Մատչելիության հղումներ

By Atom Markarian
The government is pushing for tougher penalties, including much longer jail terms, against widespread tax evasion in Armenia as part of its efforts to ensure a sizable increase in tax revenues envisaged by its budget for this year.

Under relevant amendments to the Criminal Code to be debated by the Armenian parliament soon, business people convicted of hiding or underreporting their earnings would risk between three and seven years’ imprisonment. The maximum punishment for such crimes now is a two-year prison sentence.

The existing code also stipulates that individual taxpayers can be jailed for up to two months only if they cheat the taxman for than once. The proposed amendments would extend that limit to 12 months. They also call for heavier fines for tax-related offences.

The draft amendments were approved by ministers last month at the start of a government crackdown on tax fraud which followed President Robert Kocharian’s high-profile meetings with tax and customs officials as well as Armenia’s leading entrepreneurs. Kocharian warned the latter that they will no longer get away with evading taxes. He also said that the tax authorities must stop giving privileged treatment to companies owned by their cronies.

Proceeds from the collection of taxes and import duties are projected to grow by about 25 percent to 307 billion drams ($650 million) this year. The government plans a corresponding increase in its spending on education, healthcare, social services and defense.

The proposed toughening of punishment for tax evasion reflects the views expressed by Armenia’s influential Prosecutor-General Aghvan Hovsepian. Speaking to journalists last July, Hovsepian said that the existing sanctions are “absurdly soft” and that his agency will ask the government to revise them.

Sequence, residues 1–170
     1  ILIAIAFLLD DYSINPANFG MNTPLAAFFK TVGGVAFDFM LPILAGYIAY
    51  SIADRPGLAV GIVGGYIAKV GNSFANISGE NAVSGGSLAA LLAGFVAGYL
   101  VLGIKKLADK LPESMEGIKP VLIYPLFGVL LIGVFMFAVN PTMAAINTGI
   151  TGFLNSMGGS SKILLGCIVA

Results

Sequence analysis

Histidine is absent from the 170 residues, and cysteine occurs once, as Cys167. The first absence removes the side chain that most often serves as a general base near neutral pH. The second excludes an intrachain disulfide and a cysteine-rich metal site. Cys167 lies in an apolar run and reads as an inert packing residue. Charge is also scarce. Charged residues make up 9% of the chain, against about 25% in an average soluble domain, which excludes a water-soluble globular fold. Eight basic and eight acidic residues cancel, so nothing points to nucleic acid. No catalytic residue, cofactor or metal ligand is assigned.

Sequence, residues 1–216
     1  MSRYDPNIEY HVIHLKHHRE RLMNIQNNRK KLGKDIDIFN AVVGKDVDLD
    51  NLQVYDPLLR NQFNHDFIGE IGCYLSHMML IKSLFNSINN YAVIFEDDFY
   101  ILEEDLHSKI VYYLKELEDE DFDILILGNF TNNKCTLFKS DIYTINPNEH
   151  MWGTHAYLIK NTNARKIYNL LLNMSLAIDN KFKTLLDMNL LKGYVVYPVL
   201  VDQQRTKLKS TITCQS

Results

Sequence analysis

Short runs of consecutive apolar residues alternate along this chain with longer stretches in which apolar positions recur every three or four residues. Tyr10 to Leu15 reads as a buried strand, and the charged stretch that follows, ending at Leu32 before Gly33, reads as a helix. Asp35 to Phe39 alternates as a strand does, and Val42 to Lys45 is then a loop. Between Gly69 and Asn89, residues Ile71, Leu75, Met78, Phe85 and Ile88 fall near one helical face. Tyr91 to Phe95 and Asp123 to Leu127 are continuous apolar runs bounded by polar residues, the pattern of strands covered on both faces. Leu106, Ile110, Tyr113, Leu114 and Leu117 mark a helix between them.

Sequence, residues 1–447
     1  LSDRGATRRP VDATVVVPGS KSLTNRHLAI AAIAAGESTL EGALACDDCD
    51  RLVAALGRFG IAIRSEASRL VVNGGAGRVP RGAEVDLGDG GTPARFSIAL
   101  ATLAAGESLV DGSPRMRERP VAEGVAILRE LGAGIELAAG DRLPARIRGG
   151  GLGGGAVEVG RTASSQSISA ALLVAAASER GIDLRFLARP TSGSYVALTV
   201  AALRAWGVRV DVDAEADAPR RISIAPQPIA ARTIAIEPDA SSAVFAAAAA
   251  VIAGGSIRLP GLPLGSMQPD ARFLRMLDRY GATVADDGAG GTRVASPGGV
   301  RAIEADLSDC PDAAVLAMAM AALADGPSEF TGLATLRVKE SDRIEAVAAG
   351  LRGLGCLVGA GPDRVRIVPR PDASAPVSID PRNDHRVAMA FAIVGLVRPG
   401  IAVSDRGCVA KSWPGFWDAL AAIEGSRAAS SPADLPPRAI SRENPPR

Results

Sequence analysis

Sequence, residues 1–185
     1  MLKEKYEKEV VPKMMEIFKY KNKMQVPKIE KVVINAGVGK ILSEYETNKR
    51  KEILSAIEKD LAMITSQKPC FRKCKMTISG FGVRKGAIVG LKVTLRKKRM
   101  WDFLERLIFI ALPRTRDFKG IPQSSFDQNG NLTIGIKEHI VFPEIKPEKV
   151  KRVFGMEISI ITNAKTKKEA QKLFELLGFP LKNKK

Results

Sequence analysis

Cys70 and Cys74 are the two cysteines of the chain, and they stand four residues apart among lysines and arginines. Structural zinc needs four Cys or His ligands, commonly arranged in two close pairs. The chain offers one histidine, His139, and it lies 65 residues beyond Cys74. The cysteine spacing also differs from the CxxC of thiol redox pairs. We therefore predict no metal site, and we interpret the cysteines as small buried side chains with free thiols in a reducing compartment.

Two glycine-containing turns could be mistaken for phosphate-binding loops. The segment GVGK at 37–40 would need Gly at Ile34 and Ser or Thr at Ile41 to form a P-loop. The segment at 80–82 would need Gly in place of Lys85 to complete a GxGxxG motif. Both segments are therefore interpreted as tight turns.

But at least some of dozens of wealthy pro-government businessmen that hold seats in the National Assembly are opposed to the changes, saying that those could stifle economic activity and be abused by law-enforcement agencies.

“As a rule, when we give the Armenian government new powers that are meant to be used for some good things, we end up disappointed with their actual enforcement,” said Gurgen Arsenian, a businessman who leads the small United Labor Party represented in parliament.

Another pro-establishment lawmaker, Mkrtich Minasian of the People’s Deputy group, said the authorities should instead make sure that the existing law is implemented fairly and consistently. “If the law is fully enforced against not only small- and medium-sized businesses but also big ones, it will help to shrink the shadow sector of the economy,” he said.

No major Armenian businessman has been imprisoned for tax fraud so far.
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